As one of his significant earlier works An Artist of The Floating World,(1986) winner of the Whitebread Book of the Year, and shortlisted for the Booker Prize, tells the story of the Japan of 1948, rebuilding her cities after disasters of WWII, forgetting the past focusing the future. The central character of the novel Masuji Ono, a well-known painter, must be enjoying his peaceful retirement life but it is difficult for him to bring himself out of dark shadows of the past. The memory of the past drags him in the rise of Japanese militarism at the time when new Japan was rebuilding itself. The narrator in a sense brings us near to the inner voice of the common Japanese who was fed up with the war and desperately searching for new dawn of development. The message is artistically conveyed through the voice of the Masuji as,

“Our nation, it seems, whatever mistakes it may have made in the past, has now another chance to make a better go of things. One can only wish these young people well.”[9]

The optimism conversely reflects the detest of the war in the mind of the author as well. Moving one step further Kazuo Ishiguro’s Booker Prize winning novel The Remains of the Day(1989) in more than one sense reveals the international interpretation of the War. The novel dexterously deals with the most difficult subject of war. Situated in the period between the two Wars(WWI and WWII) Britain, the novel ingeniously talks about the efforts of those who were honest enough to avoid the unavoidable and those who were very much interested in the another war. The high profile talks of Allied Forces, French and German officers along with an American shrewd from the vision of a small butler provides an impartial understanding of the event. As the outcome of the informal conference preceding the Swiss conference, which was going to decide the future war, Mr. Dupont, a French diplomat expresses his satisfaction against the views to relieve innocent Germans from the burden of the taxes (which ultimately caused the WWII) as,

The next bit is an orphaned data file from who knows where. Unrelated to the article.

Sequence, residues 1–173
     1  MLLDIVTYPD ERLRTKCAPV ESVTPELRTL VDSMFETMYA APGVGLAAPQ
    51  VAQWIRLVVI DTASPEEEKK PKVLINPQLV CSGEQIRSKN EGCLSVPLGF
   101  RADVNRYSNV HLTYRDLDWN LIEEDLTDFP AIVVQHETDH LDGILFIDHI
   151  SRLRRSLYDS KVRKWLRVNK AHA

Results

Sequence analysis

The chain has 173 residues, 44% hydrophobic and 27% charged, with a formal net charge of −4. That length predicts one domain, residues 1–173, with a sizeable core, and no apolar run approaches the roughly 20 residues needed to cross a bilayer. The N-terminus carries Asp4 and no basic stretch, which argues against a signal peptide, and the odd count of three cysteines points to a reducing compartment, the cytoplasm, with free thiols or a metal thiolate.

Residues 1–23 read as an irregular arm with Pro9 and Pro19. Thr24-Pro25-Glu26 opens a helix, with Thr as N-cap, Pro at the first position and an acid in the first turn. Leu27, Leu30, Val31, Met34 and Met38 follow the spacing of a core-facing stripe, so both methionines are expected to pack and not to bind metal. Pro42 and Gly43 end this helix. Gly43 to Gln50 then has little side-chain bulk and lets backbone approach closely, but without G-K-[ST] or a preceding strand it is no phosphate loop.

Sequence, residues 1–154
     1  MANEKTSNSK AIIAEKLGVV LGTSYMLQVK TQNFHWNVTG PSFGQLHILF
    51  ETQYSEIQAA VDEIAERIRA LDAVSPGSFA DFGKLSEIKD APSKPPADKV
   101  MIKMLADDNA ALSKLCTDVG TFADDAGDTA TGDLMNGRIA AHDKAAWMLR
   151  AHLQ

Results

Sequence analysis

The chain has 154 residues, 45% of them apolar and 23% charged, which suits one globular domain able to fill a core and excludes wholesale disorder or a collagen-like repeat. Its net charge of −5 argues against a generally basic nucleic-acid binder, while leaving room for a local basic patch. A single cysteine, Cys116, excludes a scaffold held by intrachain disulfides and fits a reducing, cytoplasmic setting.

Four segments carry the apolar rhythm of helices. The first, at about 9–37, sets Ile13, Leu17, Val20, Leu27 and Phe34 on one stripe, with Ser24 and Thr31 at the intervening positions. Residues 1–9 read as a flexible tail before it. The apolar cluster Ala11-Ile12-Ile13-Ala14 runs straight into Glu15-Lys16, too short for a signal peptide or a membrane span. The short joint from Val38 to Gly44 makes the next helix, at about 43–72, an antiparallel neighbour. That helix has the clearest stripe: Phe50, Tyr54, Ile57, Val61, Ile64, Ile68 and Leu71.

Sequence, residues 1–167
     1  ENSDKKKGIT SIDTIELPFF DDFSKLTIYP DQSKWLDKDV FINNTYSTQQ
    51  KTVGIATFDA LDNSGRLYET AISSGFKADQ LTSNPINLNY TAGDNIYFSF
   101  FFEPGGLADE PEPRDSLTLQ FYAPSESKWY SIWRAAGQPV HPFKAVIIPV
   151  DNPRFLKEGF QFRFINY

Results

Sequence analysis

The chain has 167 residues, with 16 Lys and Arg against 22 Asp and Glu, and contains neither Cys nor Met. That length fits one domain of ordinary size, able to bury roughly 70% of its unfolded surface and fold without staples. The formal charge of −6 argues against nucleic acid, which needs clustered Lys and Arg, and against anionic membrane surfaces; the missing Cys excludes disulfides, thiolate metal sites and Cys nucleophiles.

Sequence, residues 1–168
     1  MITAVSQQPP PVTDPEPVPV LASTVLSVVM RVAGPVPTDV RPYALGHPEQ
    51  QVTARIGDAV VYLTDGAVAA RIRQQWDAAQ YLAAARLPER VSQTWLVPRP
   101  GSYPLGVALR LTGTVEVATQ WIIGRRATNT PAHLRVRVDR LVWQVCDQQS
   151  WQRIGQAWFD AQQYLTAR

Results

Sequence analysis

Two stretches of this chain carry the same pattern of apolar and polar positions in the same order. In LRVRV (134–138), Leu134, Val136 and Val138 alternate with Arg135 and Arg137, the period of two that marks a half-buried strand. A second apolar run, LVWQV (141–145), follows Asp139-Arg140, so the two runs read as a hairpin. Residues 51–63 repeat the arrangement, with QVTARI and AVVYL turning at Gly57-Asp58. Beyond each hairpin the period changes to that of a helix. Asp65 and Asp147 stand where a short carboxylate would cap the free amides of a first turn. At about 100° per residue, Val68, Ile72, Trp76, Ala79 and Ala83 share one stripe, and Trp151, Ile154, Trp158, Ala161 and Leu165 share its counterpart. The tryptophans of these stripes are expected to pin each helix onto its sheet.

“I am happy to assure you all here that I will bring what modest influence I have to encourage certain changes of emphasis in French policy in accordance with much of what has been said here. And I will endeavour to do so in good time for the Swiss conference.”[10]

Conversely, the anti-Semitic activities and animosity in the form of Lord Darlington himself and nefarious ‘blackshirts’ organisation opens up another picture of prevailing hatred in the society. As the obedient servant to master whom, he considers to be the best judge of the situation, Stevens reveals the ultimate gaol of a butler’s life as,

“There are certain members of our profession who would have it that it ultimately makes little difference what short of employer one serves; who believe that the sort of idealism prevalent amongst our generation – namely the notion that we butlers should aspire to serve those great gentlemen who further the cause of humanity.”[11]

Such a genuine ‘cause of humanity’ only makes the Kazuo Ishiguro one of the best living authors in any language of the world.

Thus, one can observe that with the help his novels be it is A Pale View of Hills, An Artist of the Floating World, or The Remains of The Day Kazuo Ishiguro conveys his socio-political observation of his times in a dexterous way with the help of characters who belong to the very humble backgrounds. In this way Kazuo Ishiguro hits two birds with one stone: such as revealing the inner voice of the common man and revealing the common truth upon the issues that effects all, that is war. The noble way of dealing with one of the most significant calamities of human civilization wins him the most prestigious prize of humanity, the Nobel.


  1. Bloom, Allan, Shakespear’s Politics, University of Chicago Press; Chicago, 2003, P.137.
  2. Ranciere, Jacques, Politics of Literature, Polity Press; Cambridge, 2011, P. 5.
  3. Swift, Graham(Fall 1989). “Kazuo Ishiguro”. BOMB. Retrieved 12 January 2012.
  4. Ishiguro, Kazuo, The Remains of The Day, Faber and Faber; London, 1989, P. 89.
  5. Yamagiwa, Joseph, K. Pacific Affairs, Vol. 28, No. 3, Sep. 1955, P.255.
  6. Michael, Karen, The Citizen’s Voice: Twentieth Century Politics and Literature, University of Calgary Press; Calgary, 2003, P. 173.
  7. “The Nobel Prize in Literature 2017 – Press Release”. Nobel Prize. Retrieved 5 October 2017.
  8. Ishiguro, Kazuo, A Pale View of Hills, Faber and Faber; London, 1982, P. 9.
  9. Ishiguro, Kazuo, An Artist of the Floating World, Faber and Faber; London, 1986, P. 206.
  10. Ishiguro, Kazuo, The Remains of The Day, Faber and Faber; London, 1989, P. 104.
  11. Ishiguro, Kazuo, The Remains of The Day, Faber and Faber; London, 1989, P. 147.

Dr. Hardeepsinh R. Gohil, Assistant Professor (English), Gujarat Commerce College, Ahmedabad